(WASHINGTON) -- For the past 24 years, the National Childhood Vaccine Injury Act has protected vaccine manufacturers from being sued for most injuries caused by their products, but a Supreme Court case brought Tuesday by parents of allegedly vaccine-injured Hannah Bruesewitz may challenge this liability safeguard.
Robie and Russell Bruesewitz are suing vaccine manufacturer Wyeth, which is now part of Pfizer, for using an allegedly outdated and flawed vaccine design for the DPT vaccine their daughter received in 1992 -- a vaccine they claim is responsible for Hannah's residual seizure disorder, according to court documents.
Cases concerning vaccine safety design are normally handled by the federal "vaccine court," a no-fault compensation program set up by the 1986 Vaccine Injury Act to shield manufacturers from liability for injuries or death "resulted from side effects that were unavoidable even though the vaccine was properly prepared and was accompanied by proper directions and warnings."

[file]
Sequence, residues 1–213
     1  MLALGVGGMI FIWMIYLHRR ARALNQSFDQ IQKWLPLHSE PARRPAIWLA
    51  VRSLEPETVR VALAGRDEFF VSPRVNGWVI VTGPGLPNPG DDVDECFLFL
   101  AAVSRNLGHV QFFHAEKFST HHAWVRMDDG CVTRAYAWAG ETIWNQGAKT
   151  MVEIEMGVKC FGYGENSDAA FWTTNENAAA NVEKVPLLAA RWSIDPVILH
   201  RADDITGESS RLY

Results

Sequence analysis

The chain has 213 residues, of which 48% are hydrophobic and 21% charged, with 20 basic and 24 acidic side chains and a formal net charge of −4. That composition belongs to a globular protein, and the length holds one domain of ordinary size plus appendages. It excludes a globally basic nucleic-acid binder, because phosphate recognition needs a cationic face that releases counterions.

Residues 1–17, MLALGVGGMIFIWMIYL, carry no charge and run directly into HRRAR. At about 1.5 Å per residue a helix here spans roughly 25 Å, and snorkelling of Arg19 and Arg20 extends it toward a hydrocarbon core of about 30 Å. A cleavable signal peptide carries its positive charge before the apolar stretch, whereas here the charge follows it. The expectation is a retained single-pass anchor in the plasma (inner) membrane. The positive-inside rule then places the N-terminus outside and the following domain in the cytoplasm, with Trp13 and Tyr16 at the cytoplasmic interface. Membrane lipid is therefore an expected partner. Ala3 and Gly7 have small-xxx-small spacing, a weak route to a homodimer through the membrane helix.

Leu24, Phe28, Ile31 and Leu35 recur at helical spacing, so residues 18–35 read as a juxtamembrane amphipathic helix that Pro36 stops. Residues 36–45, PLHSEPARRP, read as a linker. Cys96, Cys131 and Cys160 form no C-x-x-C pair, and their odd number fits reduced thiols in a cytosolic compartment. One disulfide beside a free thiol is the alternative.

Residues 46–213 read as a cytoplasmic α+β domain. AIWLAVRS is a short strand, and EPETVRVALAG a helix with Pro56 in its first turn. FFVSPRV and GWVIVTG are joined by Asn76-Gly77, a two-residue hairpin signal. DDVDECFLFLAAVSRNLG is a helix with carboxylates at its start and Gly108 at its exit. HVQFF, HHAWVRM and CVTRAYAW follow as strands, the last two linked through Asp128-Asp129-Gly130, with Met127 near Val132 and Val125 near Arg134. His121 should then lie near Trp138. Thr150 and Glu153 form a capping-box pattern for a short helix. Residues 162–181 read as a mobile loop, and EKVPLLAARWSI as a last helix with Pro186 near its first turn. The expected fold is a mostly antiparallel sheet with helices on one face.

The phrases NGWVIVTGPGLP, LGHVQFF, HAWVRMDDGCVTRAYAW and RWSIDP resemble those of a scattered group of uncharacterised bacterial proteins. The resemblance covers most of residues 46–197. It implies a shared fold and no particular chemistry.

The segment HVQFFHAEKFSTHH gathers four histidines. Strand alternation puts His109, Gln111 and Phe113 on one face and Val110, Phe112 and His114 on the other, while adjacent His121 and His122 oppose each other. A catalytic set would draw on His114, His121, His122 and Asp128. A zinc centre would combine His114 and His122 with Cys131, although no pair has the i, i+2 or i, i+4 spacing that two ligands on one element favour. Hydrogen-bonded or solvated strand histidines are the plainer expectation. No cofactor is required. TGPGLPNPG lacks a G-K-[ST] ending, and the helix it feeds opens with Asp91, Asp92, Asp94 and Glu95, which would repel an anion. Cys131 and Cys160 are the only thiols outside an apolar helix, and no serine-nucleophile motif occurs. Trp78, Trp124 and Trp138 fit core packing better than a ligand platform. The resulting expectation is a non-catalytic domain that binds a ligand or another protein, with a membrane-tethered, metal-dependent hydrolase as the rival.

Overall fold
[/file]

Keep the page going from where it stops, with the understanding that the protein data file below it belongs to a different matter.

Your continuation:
When the vaccine court rejected their case in 2002, on the grounds her particular disorder was no longer a presumed vaccine-related injury, the Bruesewitzes sued Wyeth anyway and have appealed continued rejection of their claim all the way to the Supreme Court.
Now the Supreme Court must decide whether suits over flaws in design of a vaccine bypass the vaccine courts set up in 1986. If so, manufacturers will be opened up to an increased liability that some doctors fear might scare companies away from producing much-needed vaccines, as was the case before the 1986 Vaccine Injury Act.
Seven out of the eight vaccine manufacturers had stopped making vaccines before the act was put in place in the 1980s says Dr. Paul Offit, chief of the Division of Infectious Diseases at the Children's Hospital of Philadelphia . With the help of vaccine court, there have been "two decades of new vaccine research and development" and it would be "a disaster" if the court were done away with, he says.
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